Beginning in the late 1820s, Roxbury began to attract Boston's well-off businessmen and professionals who built country homes close to the city, following a grander pattern of country estates begun here in the mid-eighteenth century. Important examples of surviving houses are found on Highland Street, which branches off from John Eliot Square (RX11). Formerly on Highland but moved to a side street is the Edward Everett Hale House (NR/NRD) at 12 Morley Street. Erected by Benjamin Kent in 1841, the house was later the home of the famous writer, who lived here from 1869 until his death in 1909. An appropriate home for a classically educated author, this outstanding Greek Revival residence incorporates Ionic columns supporting a low-pitched pediment, flush board siding, and shouldered architrave trim for the windows.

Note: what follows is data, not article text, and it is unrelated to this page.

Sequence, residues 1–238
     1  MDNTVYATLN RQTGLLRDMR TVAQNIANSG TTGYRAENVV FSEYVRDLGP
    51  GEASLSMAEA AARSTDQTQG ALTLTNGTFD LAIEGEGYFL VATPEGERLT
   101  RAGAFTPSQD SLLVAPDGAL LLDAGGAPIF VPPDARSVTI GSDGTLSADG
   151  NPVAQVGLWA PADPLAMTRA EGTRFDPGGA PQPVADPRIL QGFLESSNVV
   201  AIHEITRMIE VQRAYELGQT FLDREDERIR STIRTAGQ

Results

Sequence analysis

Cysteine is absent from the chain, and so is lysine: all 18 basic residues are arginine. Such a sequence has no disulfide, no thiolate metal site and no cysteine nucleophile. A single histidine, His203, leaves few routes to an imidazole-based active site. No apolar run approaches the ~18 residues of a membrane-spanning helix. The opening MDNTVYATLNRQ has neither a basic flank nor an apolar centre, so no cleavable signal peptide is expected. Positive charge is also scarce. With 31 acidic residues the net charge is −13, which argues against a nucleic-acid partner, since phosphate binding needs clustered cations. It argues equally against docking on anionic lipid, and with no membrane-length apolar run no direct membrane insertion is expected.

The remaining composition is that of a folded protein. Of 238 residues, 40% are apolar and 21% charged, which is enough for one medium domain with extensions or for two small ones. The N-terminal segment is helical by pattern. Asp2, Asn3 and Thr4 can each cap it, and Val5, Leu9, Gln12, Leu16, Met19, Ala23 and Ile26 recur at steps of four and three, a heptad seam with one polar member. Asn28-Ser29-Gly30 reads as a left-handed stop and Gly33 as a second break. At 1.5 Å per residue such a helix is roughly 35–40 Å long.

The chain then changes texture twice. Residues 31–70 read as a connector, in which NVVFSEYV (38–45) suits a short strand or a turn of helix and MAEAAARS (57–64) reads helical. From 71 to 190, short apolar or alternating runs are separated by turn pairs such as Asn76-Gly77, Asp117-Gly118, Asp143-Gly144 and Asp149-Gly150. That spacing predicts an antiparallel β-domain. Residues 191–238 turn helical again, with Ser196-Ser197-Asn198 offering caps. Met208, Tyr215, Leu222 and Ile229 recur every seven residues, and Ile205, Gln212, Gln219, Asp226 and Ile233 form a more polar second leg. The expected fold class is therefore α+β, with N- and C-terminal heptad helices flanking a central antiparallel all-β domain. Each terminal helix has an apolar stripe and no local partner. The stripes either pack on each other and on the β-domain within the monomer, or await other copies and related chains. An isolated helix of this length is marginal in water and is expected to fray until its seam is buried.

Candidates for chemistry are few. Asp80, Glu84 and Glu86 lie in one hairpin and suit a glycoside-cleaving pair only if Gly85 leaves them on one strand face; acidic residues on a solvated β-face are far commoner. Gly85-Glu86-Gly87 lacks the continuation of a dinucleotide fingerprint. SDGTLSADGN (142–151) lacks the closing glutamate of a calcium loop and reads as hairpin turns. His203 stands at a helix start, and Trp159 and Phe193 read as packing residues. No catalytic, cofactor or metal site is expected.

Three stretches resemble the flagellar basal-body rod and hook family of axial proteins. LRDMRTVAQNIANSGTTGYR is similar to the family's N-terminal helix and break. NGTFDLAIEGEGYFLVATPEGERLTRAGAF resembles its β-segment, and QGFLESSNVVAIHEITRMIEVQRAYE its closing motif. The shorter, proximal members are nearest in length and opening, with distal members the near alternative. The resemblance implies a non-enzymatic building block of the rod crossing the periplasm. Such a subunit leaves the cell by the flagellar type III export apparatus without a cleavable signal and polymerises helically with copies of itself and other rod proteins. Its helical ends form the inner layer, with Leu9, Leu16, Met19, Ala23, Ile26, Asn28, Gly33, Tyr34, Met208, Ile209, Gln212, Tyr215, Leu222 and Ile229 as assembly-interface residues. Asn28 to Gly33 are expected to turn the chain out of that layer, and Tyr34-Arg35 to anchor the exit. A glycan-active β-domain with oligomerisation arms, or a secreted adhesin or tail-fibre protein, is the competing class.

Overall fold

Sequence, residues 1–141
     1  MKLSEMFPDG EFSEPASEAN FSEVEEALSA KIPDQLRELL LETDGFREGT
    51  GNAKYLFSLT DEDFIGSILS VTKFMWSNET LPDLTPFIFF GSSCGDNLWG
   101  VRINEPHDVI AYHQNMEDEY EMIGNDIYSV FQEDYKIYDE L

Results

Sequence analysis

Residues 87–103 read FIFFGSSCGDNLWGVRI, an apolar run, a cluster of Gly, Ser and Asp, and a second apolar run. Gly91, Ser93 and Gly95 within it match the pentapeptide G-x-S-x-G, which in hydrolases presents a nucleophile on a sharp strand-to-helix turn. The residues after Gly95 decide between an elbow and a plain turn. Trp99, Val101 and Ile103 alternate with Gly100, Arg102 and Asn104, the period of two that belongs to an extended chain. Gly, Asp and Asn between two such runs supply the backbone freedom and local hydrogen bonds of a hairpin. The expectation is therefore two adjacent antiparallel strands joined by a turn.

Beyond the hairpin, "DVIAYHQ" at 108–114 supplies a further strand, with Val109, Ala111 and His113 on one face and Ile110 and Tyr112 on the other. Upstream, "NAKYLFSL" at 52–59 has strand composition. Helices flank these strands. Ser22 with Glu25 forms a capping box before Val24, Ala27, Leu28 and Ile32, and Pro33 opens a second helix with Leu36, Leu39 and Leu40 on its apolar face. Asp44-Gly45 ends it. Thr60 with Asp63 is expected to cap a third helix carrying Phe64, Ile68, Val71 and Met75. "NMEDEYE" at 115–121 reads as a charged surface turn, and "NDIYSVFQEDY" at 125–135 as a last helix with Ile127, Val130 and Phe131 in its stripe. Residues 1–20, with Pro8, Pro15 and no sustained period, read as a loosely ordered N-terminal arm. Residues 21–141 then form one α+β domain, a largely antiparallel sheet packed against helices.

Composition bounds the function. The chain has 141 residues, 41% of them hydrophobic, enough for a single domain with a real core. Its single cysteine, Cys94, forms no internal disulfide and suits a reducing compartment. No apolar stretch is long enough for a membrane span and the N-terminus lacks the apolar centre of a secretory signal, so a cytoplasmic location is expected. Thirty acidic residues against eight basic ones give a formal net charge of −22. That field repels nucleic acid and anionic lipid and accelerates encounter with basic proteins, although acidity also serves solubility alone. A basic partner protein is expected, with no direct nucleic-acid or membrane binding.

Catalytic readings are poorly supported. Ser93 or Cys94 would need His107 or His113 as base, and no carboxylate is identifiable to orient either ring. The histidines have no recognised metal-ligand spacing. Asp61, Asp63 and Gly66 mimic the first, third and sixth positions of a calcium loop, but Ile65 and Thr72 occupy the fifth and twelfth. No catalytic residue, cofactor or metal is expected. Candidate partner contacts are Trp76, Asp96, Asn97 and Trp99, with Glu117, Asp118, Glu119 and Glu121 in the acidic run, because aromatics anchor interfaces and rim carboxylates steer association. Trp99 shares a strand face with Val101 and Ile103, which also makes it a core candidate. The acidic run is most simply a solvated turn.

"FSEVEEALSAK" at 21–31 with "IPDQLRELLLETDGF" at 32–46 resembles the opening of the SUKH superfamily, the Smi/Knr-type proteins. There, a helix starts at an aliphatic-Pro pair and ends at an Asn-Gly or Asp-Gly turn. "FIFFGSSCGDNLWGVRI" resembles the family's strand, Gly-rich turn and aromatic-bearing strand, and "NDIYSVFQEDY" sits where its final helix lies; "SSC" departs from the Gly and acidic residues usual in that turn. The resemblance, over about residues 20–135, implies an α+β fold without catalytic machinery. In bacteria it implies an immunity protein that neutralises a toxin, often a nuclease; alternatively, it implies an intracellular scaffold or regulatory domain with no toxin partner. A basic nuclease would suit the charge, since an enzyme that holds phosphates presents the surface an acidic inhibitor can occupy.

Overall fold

Farther up Highland Street at Kittredge Square stands another Greek Revival house, the Kittredge House (12 Linwood Street, NR/NRD), with an Ionic portico, built in 1836. In roughly 1898, it was also turned to face a smaller side-street lot in order to accommodate higher density development, unfortunately losing its symmetrical flanking wings.
Probably the most important nineteenth-century resident of Roxbury, the great abolitionist William Lloyd Garrison lived at 125 Highland Street (NHL/NR/NRD) from 1864 to his death in 1879 (his only residence still standing). Now part of St. Margaret's Convent, the original portions of the house are visible from the hill overlooking Highland Street. Built in about 1854 for Joseph Hunnewell, the house boasts Italianate decorative features, such as paired brackets and a verandah supported on sets of paired columns, employed to embellish a traditional gable roof house. An unpretentious suburban dwelling, it suited the final years of a man whose great crusade against slavery had reached fruition.